A big thank you to @punk9059 for sharing these insights and thoughts:
For Collectors: NFTs are momentum-oriented assets
This is a strong consistency in how NFTs are traded. When floor prices are going up, they can go up many days in a row. The contrast is also true. “Maybe even more true — when floor prices are going down, they take a long time to reverse.”
“In this space, I find statistically, you’re generally rewarded for buying things that are rising in bull markets. In bear markets, there’s a case to get out early because they can last a long time.”
For creators: The best NFT creators are good at long-term brand-building
What does it take to build a brand? People feel an affinity to brands that are able to sustain a long-term connection. Perhaps, when the brand resonates with a person’s identity. “If you’re going to do a set of 10,000, how do you make each of them unique so that people can get attached to them?” That’s a lot of buyers to keep interested.
People come into the NFT space for different reasons and from various places. “But the best builders are the most creative and the best storytellers. Who can think of a long-term story that keeps people engaged and maintains that tension?” The long-term factor is very important. When there’s new projects launching every other minute, mindshare is not to be underestimated.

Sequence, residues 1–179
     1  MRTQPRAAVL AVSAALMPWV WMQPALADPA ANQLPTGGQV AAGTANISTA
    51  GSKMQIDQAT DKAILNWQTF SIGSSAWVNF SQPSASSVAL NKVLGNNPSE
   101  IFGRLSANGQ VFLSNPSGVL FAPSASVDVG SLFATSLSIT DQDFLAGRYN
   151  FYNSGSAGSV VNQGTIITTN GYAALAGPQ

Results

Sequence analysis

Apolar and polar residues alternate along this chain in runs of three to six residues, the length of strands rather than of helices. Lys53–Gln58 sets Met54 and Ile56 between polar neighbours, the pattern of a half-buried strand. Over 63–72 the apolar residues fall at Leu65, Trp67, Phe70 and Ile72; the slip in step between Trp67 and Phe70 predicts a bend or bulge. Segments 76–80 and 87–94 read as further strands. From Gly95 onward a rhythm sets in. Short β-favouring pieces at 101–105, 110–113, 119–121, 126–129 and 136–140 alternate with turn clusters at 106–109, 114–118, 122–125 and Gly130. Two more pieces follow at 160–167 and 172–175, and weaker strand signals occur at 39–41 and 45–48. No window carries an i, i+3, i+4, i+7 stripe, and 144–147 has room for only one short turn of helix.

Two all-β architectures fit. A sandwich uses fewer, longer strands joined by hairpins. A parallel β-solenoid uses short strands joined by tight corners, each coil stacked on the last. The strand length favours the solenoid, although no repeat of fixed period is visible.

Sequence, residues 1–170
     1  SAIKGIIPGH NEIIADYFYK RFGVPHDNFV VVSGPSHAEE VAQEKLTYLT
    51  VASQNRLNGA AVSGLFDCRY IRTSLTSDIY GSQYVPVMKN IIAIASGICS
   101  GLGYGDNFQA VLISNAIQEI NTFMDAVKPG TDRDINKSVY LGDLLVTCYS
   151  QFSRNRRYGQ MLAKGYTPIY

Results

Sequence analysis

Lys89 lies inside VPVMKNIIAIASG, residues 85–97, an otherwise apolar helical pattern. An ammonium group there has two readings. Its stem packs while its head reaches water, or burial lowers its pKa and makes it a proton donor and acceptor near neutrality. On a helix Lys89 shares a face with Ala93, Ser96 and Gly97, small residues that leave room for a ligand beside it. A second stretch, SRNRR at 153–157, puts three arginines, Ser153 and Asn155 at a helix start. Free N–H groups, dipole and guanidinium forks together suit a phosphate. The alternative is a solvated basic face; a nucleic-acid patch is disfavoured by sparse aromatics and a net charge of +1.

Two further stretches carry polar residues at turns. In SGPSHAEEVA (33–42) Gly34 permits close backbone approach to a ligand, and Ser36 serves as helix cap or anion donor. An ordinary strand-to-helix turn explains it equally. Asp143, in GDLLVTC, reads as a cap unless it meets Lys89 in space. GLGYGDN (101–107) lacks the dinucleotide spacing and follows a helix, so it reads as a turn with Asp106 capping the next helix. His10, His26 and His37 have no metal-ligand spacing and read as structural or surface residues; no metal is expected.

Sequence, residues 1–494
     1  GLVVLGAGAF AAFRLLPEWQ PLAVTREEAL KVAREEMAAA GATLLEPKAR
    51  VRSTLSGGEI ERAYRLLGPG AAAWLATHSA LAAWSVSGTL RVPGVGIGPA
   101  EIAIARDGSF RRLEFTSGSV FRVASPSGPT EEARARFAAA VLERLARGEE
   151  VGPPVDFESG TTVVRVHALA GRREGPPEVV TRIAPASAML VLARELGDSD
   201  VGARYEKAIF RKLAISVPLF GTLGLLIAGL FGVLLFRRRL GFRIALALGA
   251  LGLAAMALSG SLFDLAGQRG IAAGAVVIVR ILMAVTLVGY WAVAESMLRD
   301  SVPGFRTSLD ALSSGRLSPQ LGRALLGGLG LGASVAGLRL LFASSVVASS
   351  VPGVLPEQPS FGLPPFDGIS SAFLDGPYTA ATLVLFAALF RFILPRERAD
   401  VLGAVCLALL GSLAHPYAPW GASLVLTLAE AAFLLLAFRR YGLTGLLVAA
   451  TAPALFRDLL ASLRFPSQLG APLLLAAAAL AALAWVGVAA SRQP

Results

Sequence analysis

More uniquely talented people
“We’re going to see more big brands and true creatives, the types of people who write TV shows and form pop culture.” People with these skills will see NFTs as a great way to raise money and to connect with their strongest advocates. We’ll see NFTs become a greater part of culture.
More marketplace competition
“I think the OpenSea monopoly has been really strong but we’re going to see a bit of competition next year.” Magic Eden’s expansion to ETH has people hopeful. Having a huge following on Solana means that we’ll bring a new audience to ETH. “I think that Magic Eden is going to be a key player in the ETH ecosystem. The ME team is extremely competent, has a big user base, a great tech team and clearly learned how to win in competitive environments.”
Move back to art and work that people feel connected to
At the beginning of 2022, utility and airdrops were all the rage. “The irony of that is there is no utility where people feel connected to a brand. Airdrops are worthless if people are getting airdropped things they don’t feel connected to.” There’s going to be a greater focus on art and how technology can enhance art (for example, art created by artificial intelligence). “We’re seeing this with mint passes, like the GODA Mint Pass, which gives people access to new contemporary artists who mint their first NFTs. This has done really well!”
Thanks for reading & see you next week,